Saturday, November 13, 2004

A few non-sequiturs, or maybe not...

At the suggestion of Fr. Bill, I subscribed to Books & Culture for several years. I did my homework on most issues and came away from each one with new understandings. In time, however, I allowed the subscription to lapse. I decided that either I was too obtuse to grasp the point of much of what I was reading, or what I was reading really didn't have much of a point. Writers who have achieved a nose-bleed height of education are sometimes prone to ponderous writing, heavy on form and light on content, unless you want to consider a multitude of minutiae as "content". I tend to get lost in the convoluted language of philosophy.

I recalled my Books & Culture period recently with the death of Jacques Derrida. (Link) His name and opinions were sometimes invoked in those pages. At the time, I was more confused than impressed, because Derrida struck me as a kind of counter-Christian, a voice whose whole message was calculated to muddy up an otherwise clear view of faith. (I have always been more impressed with the simple faith of ordinary people than ornately crafted arguments of theologians.) As I think about the impact of "deconstruction" and contemporary trends labeled "postmodern" my attitude toward Derrida is softening. I am beginning to understand that deconstruction offers a modern counterpoint to faith which in the end makes it more durable.

On a lighter note, and keeping with my impulse to keep up with the world around me, I came across an Urban Distionary now added to my "links" list, along with Merriam-Webster Online. As I cruse the net I sometimes encounter acronyms that I don't understand. Last week in a "comments" section of someone's blog, there was "My keyboard is now DRENCHED in coffee, TYVFM. Damnit. :)" What? The smiley face was a clue, but the acronym made no sense.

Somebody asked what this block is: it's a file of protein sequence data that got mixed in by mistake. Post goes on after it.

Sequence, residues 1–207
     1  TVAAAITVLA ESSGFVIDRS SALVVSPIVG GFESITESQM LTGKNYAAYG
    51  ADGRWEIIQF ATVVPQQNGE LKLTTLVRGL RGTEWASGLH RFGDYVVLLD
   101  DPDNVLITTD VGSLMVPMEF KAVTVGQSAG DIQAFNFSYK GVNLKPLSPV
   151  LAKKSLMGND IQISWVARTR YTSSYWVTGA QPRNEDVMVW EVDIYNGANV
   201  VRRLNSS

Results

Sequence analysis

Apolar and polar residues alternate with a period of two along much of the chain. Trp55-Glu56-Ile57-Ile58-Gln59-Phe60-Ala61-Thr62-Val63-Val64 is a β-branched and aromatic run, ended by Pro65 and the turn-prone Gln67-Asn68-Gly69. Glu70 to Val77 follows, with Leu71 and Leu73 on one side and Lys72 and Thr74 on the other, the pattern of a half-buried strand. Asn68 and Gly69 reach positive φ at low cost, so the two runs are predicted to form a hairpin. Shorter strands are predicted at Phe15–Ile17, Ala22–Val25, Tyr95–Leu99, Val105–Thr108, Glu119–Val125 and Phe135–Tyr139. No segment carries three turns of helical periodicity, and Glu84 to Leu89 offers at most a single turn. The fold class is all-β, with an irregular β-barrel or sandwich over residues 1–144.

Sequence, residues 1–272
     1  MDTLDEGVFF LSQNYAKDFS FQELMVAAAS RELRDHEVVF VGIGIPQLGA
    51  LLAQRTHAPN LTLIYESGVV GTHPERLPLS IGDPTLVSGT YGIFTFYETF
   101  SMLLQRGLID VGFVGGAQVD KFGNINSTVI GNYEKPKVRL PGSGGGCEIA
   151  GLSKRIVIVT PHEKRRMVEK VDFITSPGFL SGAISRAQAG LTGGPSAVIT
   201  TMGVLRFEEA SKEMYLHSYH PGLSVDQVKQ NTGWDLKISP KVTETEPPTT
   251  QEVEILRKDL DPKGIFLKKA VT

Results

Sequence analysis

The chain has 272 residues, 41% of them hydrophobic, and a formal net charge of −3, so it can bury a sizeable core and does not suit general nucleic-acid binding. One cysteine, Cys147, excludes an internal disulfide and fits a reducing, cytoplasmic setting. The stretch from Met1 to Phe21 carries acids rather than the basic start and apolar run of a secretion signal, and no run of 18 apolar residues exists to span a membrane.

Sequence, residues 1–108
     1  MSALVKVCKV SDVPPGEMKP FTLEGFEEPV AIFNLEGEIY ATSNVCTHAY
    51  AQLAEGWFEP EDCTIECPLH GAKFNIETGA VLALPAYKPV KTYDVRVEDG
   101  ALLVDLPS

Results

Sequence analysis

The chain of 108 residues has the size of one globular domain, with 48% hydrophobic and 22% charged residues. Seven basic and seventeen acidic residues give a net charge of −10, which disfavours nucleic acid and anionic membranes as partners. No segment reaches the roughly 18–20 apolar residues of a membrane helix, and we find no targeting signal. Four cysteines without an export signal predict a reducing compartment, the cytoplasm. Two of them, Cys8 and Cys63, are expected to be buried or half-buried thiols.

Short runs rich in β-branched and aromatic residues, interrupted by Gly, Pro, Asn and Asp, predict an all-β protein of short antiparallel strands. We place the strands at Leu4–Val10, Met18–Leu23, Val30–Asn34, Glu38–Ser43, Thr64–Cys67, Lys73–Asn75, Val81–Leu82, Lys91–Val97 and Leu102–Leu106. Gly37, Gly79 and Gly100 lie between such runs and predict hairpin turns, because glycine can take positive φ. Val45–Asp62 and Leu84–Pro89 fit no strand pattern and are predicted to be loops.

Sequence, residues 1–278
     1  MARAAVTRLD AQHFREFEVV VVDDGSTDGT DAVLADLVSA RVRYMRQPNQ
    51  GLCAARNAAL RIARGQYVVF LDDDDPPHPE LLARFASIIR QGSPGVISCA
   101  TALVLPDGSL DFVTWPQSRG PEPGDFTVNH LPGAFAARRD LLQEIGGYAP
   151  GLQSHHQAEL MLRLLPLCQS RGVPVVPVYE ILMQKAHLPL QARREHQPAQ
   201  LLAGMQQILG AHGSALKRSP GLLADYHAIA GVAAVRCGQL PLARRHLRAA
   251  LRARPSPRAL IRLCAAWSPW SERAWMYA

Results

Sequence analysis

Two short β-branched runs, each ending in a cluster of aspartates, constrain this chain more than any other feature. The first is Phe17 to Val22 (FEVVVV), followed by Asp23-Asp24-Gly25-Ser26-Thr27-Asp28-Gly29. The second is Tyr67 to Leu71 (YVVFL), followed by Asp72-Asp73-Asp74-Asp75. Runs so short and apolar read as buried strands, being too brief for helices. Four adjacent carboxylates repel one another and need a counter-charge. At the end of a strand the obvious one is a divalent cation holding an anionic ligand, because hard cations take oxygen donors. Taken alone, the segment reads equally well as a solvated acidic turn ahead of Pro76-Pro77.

Eventually I found out that TYVM was chat-speak for "thank you very much" and the F-word was the writer's embellishment. With the Urban Dictionary I now have a quick resource for such moments.

The Urban Distionary is an on-line resource similar to Wikepedia in that anyone can add to or modify any part of it. At first I was skeptical that such places could be of any value, but it seems they are being cited more often as source material. We really do live in the information age. Google the phrase "knowing where to get it" and see what you get.

2 comments:

bob (a.) said...

hb -

A couple of comments.

I think it would be better to break up your posts into a number of chunks, rather than making it a grand daily digest. Just a thought, it would make pursuing the pieces easier. Seems to me their are lots of chunks so commenting on one piece won't have a good flow.

That not withstanding, here is a comment on your side note

>> (I have always been more impressed with the simple faith of ordinary people than ornately crafted arguments of theologians.)

'Theology' is a secularist containment mechanism

Hoots said...

I agree, on both counts.
But I'm on the way to work and by night I am too tired to blog. Best I could do with a "daily entry" discipline. Derrida et al require focus and time, both of which are on a tight ration lately. Been thinking about Derrida since he passed in October and needed to get it off my plate.